Intensive, Companion and Succession Gardening Methods

With the high cost of fresh food, more and more people are growing their own fruits and vegetables at home, even those residing in senior living centers, condo’s & apartments and mobile home parks.It can be tricky, but with a little planning, you can grow a lot of your own food in a very small space.

Intensive, companion and succession gardening methods are surely becoming the mantra of modern-day gardeners. With yards getting smaller and growing space and water at a premium, it is important to utilize what space is available to grow the most vegetables and herbs you can within your limitations. Elevated or raised garden planting boxes are the basic foundations of an intensive garden. The elevated beds allow you to focus your soil preparation into small growing areas, resulting in efficient use of soil amendments and a perfect environment for high yield vegetable growth.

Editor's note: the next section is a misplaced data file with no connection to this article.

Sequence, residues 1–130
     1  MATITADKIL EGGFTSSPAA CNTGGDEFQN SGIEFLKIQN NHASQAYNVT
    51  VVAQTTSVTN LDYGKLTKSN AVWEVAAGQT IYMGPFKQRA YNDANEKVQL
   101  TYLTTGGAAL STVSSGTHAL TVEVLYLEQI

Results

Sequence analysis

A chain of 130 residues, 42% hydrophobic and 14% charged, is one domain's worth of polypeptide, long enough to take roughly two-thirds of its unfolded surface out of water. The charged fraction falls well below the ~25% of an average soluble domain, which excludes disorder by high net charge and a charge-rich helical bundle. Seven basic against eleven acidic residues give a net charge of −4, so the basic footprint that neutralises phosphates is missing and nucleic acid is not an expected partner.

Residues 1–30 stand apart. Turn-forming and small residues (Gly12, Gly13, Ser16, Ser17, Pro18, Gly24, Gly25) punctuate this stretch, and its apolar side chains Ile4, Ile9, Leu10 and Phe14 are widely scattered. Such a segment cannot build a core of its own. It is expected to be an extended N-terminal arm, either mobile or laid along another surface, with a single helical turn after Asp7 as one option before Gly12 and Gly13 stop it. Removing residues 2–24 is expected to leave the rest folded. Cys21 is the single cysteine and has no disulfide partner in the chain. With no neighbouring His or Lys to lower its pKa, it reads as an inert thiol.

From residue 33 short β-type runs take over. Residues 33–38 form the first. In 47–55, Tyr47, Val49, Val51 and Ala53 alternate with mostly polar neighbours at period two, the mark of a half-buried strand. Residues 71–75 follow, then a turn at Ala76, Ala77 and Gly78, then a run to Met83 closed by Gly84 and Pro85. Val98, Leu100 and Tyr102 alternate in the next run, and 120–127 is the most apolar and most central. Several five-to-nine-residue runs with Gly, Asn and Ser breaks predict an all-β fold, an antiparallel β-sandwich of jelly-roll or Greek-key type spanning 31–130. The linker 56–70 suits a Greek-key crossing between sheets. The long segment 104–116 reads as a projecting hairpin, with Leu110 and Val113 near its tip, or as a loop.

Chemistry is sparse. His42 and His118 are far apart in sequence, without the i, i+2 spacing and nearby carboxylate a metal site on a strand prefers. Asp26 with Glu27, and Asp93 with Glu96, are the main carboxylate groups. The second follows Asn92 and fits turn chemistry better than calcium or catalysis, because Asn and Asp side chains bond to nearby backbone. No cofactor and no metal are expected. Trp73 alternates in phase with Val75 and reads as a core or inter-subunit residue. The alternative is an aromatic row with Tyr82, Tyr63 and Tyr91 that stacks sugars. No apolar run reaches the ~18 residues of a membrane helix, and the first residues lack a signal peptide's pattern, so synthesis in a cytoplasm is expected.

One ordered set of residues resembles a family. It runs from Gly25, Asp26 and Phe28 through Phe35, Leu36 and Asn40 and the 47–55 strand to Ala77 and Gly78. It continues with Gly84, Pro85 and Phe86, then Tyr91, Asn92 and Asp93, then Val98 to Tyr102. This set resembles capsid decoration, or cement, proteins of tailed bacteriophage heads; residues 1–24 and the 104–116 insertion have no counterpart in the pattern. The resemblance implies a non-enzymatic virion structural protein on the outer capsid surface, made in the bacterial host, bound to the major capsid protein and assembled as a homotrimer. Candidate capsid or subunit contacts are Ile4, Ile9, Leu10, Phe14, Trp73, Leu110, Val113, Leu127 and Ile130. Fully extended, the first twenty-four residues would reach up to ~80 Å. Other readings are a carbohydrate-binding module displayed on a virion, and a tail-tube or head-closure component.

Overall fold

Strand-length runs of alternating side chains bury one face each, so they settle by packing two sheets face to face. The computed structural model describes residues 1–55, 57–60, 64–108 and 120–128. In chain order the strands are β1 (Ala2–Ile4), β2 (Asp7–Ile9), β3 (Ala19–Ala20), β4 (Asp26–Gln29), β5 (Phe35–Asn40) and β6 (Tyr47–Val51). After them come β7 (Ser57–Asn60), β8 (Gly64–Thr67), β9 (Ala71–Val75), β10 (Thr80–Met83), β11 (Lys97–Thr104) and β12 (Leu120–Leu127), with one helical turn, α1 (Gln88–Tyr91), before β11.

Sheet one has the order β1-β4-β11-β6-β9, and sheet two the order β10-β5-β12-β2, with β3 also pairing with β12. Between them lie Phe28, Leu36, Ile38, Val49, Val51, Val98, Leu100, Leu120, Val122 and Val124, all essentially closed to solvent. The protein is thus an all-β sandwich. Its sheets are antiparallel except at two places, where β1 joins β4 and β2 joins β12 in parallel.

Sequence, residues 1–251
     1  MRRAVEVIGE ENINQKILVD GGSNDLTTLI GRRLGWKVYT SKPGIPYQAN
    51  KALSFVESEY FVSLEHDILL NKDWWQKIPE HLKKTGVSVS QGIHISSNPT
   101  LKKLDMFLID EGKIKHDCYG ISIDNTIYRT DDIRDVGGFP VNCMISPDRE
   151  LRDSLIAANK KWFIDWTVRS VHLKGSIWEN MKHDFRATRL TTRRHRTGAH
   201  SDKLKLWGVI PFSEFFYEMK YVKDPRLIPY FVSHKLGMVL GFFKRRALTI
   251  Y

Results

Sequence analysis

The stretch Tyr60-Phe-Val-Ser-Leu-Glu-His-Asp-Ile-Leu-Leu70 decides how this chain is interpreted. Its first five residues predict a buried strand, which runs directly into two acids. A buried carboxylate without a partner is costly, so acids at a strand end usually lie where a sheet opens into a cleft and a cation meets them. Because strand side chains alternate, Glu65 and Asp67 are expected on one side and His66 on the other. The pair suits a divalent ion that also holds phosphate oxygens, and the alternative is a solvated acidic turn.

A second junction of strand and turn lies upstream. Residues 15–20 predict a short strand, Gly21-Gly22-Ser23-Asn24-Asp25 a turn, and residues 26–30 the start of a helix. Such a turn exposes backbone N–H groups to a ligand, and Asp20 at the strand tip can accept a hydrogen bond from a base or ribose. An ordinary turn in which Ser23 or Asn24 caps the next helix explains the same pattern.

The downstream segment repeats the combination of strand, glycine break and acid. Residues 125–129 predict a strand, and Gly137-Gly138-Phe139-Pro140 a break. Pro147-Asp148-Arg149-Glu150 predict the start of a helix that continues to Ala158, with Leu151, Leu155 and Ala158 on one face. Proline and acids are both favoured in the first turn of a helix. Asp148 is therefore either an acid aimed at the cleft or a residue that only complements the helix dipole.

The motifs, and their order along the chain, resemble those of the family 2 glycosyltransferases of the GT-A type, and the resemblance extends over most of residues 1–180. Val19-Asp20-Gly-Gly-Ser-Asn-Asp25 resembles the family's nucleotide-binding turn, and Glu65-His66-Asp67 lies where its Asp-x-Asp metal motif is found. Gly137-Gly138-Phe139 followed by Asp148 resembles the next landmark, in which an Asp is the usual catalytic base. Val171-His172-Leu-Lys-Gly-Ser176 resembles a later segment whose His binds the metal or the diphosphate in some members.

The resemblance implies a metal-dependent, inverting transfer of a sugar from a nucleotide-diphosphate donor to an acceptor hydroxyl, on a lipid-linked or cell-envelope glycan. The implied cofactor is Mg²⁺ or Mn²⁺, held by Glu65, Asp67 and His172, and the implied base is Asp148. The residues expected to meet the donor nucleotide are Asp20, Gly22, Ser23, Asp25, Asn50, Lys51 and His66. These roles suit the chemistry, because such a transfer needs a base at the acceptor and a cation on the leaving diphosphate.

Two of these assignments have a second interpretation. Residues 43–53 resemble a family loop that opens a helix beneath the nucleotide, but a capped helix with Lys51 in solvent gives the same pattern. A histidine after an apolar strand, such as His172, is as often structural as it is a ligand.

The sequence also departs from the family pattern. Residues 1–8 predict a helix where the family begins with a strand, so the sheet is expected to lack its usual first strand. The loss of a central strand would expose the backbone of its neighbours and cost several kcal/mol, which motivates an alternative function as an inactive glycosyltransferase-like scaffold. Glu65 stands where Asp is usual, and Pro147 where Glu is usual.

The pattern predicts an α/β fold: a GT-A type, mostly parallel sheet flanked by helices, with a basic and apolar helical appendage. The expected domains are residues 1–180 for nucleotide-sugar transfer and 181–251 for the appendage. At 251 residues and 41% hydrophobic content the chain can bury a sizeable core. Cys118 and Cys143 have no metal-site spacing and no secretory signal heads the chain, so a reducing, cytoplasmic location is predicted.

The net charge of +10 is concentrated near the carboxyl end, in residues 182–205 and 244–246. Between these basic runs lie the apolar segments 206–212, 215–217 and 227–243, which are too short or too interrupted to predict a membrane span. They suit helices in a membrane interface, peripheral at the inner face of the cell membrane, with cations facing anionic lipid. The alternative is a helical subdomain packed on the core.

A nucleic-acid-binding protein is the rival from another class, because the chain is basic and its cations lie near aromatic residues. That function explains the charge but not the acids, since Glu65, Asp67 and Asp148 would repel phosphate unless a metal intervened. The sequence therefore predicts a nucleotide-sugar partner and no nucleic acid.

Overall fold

By using intensive, companion and succession gardening techniques experts calculate that the average home gardener can grow upwards of $10 worth of food per one square foot of space per growing season. Knowing what plants can be grown next to each other is the key factor in achieving your maximum harvest.


Plan Your Garden Bed for Future Growth

Planning a garden bed layout can take some time and research. You must consider which plant needs a lot of root space and which ones not so much, nutritional requirements, maturity dates, growing speed, planting space, and sun and water requirements. Intensive planting methods take into account all these requirements.


What Is Intensive Gardening?

An example of intensive gardening is growing radishes and carrots in the same space. Carrots take about 15-20 days to sprout and 90 days to reach maturity; radishes come up quickly and are ready for harvest in only 30 days, so when planting carrots from seed in your garden you can plant radishes at the same time, just tuck them in between the rows of carrots. Once the radishes have grown to maturity and harvested, the carrots will then have the space they need to grow. Since carrots grow to a deeper depth than do radishes, the carrots will get their nutrients from the deeper soil.